ONCAlert | Upfront Therapy for mRCC

OS Increases With Checkpoint Inhibitor Doublet in Advanced Colorectal Cancer

Wayne Kuznar
Published Online: 2:51 AM, Mon January 21, 2019
Eric X. Chen, MD
Eric X. Chen, MD
When durvalumab (Imfinzi) and tremelimumab were combined with best supportive care, the combination reduced the risk of progression or death by 28% compared with best supportive care alone, according to findings from a phase II clinical trial. 

Results from the randomized Canadian Cancer Clinical Trials Group (CCCTG) CO.26 trial presented at the 2019 Gastrointestinal Cancers Symposium demonstrated that the addition of the immune checkpoint doublet to best supportive care demonstrated a median overall survival (OS) of 6.6 months compared with 4.1 months with supportive care alone (hazard ratio [HR], 0.72; 90% CI, 0.54-0.97; P = .07). However, median progression-free survival (PFS) did not significantly differ between arms (1.8 months vs. 1.9 months; HR, 1.01; 90% CI, 0.76-1.34; P = .97).

“CCCTG study is the first study demonstrating the effectiveness of immune checkpoint blockade in [patients with] colorectal cancer unselected for mismatch repair deficiency,” said Eric X. Chen, MD, PhD, affiliate scientist, Princess Margaret Cancer Centre, Toronto.

Previously, treatment with immune checkpoint blockade therapy had not proven to be effective in refractory colorectal cancer except in patients with mismatch repair deficiency, Chen explained. However, the researchers hoped that targeting both PD-L1 with durvalumab and CTLA-4 with tremelimumab would have additive and/or synergistic activity as their mechanisms are nonredundant. In addition, a previous phase Ib study showed that the 2 agents could be combined safely.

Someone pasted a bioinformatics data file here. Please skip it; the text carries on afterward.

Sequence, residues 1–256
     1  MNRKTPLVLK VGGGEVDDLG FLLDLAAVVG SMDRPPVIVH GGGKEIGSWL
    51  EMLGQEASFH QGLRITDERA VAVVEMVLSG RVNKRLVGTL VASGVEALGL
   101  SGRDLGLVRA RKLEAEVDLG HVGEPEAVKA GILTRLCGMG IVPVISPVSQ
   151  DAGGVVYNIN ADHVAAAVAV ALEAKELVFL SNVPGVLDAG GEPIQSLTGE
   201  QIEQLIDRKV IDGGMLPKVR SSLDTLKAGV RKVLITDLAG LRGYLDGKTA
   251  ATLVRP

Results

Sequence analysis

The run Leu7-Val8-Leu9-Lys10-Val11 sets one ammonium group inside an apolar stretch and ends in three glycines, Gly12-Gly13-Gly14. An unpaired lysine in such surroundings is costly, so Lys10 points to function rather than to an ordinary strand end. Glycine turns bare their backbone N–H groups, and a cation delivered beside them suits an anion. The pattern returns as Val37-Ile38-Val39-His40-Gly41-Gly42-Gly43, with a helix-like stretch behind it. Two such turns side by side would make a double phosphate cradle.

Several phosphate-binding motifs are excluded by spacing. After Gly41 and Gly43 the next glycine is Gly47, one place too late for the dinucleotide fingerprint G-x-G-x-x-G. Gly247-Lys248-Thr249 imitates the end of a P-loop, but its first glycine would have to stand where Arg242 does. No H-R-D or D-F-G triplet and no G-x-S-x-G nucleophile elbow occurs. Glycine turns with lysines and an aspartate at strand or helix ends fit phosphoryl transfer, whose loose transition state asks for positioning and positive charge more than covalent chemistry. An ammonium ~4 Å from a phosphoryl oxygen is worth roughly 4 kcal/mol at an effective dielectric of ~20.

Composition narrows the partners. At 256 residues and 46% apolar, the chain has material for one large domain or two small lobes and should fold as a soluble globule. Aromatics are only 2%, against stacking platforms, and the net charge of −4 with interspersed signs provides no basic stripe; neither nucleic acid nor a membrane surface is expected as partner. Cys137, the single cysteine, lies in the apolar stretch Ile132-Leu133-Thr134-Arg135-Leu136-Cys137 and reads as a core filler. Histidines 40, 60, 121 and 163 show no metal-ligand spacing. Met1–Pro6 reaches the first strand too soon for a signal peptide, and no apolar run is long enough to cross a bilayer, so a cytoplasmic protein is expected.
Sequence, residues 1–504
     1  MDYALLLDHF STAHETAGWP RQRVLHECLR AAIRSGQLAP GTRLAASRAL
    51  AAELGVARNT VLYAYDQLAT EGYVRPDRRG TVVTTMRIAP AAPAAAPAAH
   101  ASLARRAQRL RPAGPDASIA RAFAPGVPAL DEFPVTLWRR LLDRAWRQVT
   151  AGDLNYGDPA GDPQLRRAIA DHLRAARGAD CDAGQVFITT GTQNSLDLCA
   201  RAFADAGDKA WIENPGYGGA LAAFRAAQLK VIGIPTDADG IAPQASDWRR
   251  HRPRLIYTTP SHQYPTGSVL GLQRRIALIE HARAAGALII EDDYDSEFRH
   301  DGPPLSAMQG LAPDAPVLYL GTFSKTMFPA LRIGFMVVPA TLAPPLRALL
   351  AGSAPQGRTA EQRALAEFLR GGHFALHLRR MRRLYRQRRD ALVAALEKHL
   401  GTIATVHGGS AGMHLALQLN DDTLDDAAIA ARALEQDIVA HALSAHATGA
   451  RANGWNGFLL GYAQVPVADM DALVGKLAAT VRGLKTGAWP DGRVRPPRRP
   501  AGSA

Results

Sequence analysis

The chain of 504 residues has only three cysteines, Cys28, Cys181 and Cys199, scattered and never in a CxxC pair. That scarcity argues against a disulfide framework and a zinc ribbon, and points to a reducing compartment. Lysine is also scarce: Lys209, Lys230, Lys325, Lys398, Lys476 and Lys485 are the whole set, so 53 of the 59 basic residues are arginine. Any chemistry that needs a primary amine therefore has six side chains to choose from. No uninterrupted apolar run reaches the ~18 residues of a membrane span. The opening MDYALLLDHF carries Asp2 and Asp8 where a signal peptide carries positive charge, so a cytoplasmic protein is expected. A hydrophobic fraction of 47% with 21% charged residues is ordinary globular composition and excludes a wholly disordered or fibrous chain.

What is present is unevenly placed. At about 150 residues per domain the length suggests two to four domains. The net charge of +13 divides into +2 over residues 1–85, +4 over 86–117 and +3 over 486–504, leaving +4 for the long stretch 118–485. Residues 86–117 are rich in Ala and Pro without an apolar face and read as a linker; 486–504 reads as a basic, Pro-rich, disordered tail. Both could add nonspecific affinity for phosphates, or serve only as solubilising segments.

A total of 180 patients with advanced refractory colorectal cancer and an ECOG performance status of 0 or 1 were randomized 2:1 to durvalumab plus tremelimumab with best supportive care or best supportive care alone. Eligibility criteria included patients with measurable disease for which all available standard regimens, such as bevacizumab (Avastin) and regorafenib (Stivarga), had failed, meaning that an EGFR inhibitor must have been used if the patient had RAS wild-type disease. No prior therapy with PD-1/PD-L1 or CTLA-4 inhibitors was permitted.

Both arms received at least 1 prior systemic therapy, including 155 patients who had prior VEGF-targeting therapy, and 65 who had prior radiotherapy. All patients with RAS wild-type colorectal cancer in the active treatment arm and 83% in the control arm were previously treated with cetuximab (Erbitux) or panitumumab (Vectibix).

The 119 patients randomized to the doublet regimen received 1,500 mg of durvalumab intravenously on day 1 of every 28-day cycle and 75 mg of tremelimimab intravenously on day 1 for the first 4 cycles.

OS served as the primary endpoint, while secondary endpoints included PFS, safety and toxicity, and objective response rate (ORR).

After a median follow-up of 15.2 months, the unstratified HR for OS was 0.72 in favor of durvalumab and tremelimumab (90% CI, 0.54-0.97) with a P value of .07 (a 2-sided P value < .10 was considered statistically significant for this analysis). The unadjusted HR for OS was .70 (P = .03) also favoring active treatment.

All subgroups evaluated in the study also demonstrated superior OS with the doublet regimen, including those by primary tumor location and BRAF and RAS (KRAS, NRAS) status. In the 166 patients with microsatelite stable disease, the HR for OS was 0.66 (90% CI, .49-.89; = .024) in favor of active treatment.

At baseline in the active treatment arm and the best supportive care arm, median patient age was 65 years and 64 years, respectively. In addition, 62% and 77%, respectively, were male, and liver metastases were present in 67% and 77% of patients. ECOG performance status was 1 in 72% of patients in both arms. The primary site of disease was left colon plus rectum in the doublet arm (73%) and the control arm (67%). The majority of patients in the active treatment arm and the control group had KRAS mutations (78% vs 49%, respectively), NRAS mutations (2% vs 16%), and BRAF V600E mutations (7% vs 11%).

Overall, 169 patients had baseline blood samples available for molecular analysis, and 168 had successful circulating tumor DNA assessment based on baseline blood. Sequencing was performed using a 500-gene panel with 93.7% sensitivity and 99.2% specificity for detecting microsatellite instability. One patient in each arm had microsatellite instability-high/mismatch repair-deficient tumors.

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